• Tea also has an anti-ageing property, especially purple tea variety.
• Purple tea has similar properties as red wine and blueberries and the more you drink, the better your health.
Did you know tea contains anti-ageing properties and continuous consumption of the beverage guarantees long life? https://bit.ly/37vwe32
Did you know tea contains anti-ageing properties and continuous consumption of the beverage guarantees long life?
Experts and value chains in the tea industry say one should drink at least eight cups of tea every day to maximise health benefits.
James Marete, assistant director in charge of technical and advisory services with Tea Board of Kenya in Kericho county, said on Wednesday one should take tea every two hours.
He spoke during a media field event on tea issues organised by the Tea Board of Kenya in Kericho.
“We are encouraged to drink more tea, for better health. Tea is supposed to be taken with hot water to get the maximum medicinal benefits. Equally, to avoid adulteration of medicinal benefits, a consumer should not add sugar and milk to tea," Marete said.
"It is recommended that one should take a cup of tea after every two hours to fully benefit from the endowed therapeutic value of the beverage.”
Tea is a medicinal plant that contains a group of vital chemicals that help speed up metabolism and burn fat, therefore contributing to weight management.
It also has anti-ageing properties, especially purple tea. Purple tea has similar properties as red wine and blueberries and the more one takes it, the better their health becomes.
Over and above black CTC (crush, tear, curl) teas, other teas include white, purple, yellow, black, oolong and puer (post fermented).
Research shows that due to tea consumption there is one province in China where life expectancy stands at 86 years.
“It is recommended that every person should explore tea because it is a healthy drink. Our local consumption of tea is at seven per cent and people need to take more tea, because it will guarantee a healthy population and increase the earnings of farmers,” Marete said.
Globally, tea is the second most consumed beverage after water followed by coffee, orange juice, beer, soft drinks such as sodas, wine and vodka.
Data from the Tea Board of Kenya indicates that Kenya is the third-largest producer of tea in the world after China and India.
However, Kenya consumes only seven per cent and exports the rest. This makes Kenya the leading world exporter of tea. More than 20 per cent of the tea consumed around the world comes from Kenya.
“I think Kenyans do not consume much tea because they do not understand tea and what its benefits can do to them,” Marete said.
“Most Kenyans take tea in the morning, but it is encouraged that one should take more whenever one has an opportunity. They say anytime is tea time and the more tea you take the better your health.”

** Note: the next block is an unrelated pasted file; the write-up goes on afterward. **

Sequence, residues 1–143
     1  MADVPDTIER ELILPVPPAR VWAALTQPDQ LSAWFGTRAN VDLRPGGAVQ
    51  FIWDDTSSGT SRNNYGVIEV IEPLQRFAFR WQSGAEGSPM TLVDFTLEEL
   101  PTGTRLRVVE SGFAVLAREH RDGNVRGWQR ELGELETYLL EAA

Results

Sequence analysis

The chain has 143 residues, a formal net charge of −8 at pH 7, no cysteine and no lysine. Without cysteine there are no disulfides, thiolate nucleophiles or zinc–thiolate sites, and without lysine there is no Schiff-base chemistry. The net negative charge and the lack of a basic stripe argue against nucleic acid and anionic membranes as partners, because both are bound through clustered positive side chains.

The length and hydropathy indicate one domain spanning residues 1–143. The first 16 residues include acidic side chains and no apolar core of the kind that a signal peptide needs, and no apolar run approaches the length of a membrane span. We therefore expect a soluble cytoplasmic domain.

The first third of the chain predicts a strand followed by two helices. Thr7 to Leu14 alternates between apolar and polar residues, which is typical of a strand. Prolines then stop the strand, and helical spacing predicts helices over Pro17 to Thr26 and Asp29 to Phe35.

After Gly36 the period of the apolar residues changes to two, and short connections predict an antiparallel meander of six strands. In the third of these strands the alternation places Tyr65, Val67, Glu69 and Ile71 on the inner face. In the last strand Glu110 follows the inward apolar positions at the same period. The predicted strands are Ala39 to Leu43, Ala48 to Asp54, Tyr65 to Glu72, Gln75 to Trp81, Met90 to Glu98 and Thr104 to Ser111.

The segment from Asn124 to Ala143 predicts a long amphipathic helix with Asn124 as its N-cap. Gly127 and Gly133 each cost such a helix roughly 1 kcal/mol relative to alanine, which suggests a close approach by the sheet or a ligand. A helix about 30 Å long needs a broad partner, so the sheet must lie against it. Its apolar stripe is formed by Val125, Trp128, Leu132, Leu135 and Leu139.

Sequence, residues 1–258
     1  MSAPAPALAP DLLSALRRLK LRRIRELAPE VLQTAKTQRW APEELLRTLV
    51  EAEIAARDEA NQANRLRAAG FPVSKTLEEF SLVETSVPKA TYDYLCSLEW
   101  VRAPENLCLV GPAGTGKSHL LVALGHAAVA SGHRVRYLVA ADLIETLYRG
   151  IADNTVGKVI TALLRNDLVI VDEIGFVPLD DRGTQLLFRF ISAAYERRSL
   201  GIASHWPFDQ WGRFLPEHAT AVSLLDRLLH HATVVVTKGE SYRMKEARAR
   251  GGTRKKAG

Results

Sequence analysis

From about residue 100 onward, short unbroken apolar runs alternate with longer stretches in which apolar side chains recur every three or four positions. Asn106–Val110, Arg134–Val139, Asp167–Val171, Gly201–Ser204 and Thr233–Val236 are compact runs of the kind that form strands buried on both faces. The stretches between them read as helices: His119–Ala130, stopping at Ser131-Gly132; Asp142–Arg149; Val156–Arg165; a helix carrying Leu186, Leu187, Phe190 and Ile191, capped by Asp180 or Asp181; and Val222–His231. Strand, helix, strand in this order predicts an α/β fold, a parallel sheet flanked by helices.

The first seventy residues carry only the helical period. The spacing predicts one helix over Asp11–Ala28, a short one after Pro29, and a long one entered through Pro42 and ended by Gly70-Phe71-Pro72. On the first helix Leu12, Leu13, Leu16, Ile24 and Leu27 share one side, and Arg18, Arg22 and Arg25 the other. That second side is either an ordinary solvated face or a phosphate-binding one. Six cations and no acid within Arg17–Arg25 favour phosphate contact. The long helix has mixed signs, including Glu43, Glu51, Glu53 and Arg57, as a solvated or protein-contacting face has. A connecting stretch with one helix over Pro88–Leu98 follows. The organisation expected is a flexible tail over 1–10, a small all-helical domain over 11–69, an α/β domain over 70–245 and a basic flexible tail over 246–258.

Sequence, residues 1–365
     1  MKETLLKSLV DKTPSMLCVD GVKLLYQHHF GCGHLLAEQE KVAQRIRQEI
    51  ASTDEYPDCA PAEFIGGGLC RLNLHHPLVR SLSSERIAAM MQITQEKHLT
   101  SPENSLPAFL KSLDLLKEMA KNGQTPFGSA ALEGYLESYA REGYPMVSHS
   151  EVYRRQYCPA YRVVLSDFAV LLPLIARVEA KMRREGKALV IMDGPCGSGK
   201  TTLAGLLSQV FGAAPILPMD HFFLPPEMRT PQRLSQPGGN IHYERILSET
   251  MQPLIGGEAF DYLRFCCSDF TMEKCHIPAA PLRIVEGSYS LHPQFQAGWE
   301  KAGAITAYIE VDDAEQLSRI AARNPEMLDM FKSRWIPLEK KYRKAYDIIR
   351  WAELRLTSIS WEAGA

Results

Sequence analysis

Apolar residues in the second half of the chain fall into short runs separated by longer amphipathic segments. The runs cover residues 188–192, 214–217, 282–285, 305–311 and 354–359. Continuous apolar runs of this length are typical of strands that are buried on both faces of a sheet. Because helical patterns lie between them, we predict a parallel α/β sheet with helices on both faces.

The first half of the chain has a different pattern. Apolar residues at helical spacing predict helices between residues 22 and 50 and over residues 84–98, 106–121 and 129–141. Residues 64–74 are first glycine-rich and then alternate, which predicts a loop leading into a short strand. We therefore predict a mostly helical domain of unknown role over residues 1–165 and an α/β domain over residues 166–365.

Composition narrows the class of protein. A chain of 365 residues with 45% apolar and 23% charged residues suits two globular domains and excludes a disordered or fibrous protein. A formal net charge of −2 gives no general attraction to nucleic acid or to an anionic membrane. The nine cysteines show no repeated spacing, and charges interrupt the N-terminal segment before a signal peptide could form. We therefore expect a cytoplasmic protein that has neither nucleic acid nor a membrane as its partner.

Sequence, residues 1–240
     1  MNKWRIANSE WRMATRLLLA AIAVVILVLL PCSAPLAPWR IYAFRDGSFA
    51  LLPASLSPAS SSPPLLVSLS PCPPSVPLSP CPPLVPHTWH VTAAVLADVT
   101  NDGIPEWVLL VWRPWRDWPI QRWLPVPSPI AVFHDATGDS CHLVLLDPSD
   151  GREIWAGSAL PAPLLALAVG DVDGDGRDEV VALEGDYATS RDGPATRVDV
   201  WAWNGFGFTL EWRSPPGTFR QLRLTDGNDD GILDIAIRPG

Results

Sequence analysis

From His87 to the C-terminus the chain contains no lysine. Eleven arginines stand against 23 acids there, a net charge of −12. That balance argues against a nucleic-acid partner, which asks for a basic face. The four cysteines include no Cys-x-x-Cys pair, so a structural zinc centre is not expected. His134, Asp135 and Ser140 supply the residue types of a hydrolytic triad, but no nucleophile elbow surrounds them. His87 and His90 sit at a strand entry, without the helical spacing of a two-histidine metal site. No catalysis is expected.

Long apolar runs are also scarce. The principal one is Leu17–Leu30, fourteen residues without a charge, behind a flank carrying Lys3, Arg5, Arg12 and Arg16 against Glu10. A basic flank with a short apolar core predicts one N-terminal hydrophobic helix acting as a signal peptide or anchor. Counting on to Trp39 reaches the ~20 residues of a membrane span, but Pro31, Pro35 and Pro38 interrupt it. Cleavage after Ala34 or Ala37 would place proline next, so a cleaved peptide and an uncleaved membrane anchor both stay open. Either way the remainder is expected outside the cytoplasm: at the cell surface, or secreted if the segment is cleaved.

Tea was first introduced in Kenya in 1903 by the Ken brothers in Limuru, Kiambu county. It is now being grown in more than 20 counties.
The brothers, Marete said, wanted to see if tea could do well in Kenya, so they planted five bushes. The trees are still standing to date.
Afterwards, cultivation of tea started in Kenya, with commercial production beginning in 1924. The cash crop was grown on plantations and it was purely a 'white man’s crop'.
Marete said under the supervision of the then colonial government, Africans were allowed to start growing tea sometime in 1956-1957.
“There was an agency that was established under the Ministry of Agriculture called Special Crops Development Authority. In 1964 after independence, the government established the Kenya Tea Development Authority (KTDA) which was charged with the development of tea crops among smallholder farmers,” he said.
The first smallholder tea factory was Ragati Tea Factory in Karatina, Nyeri county.
The number of factories has increased to 70 smallholder tea factories.
Marete said KTDA continued to manage and promote tea on behalf of smallholder farmers until 1996 when the World Bank under the Structural Adjustment Programme (SAPs) recommended the privatisation of KTDA in the wider context of the full liberalisation of the agriculture sector.
“In 1999, a sessional paper was tabled in Parliament outlining how KTDA would be privatised. This was completed in 2000 when KTDA was privatised and handed over to tea farmers as a private entity under the Companies Act Cap 486," he said.
"In 2000, KTDA changed its name to the Kenya Tea Development Agency and to date it is charged with the responsibility of promoting and developing tea business among the smallholder farmers.”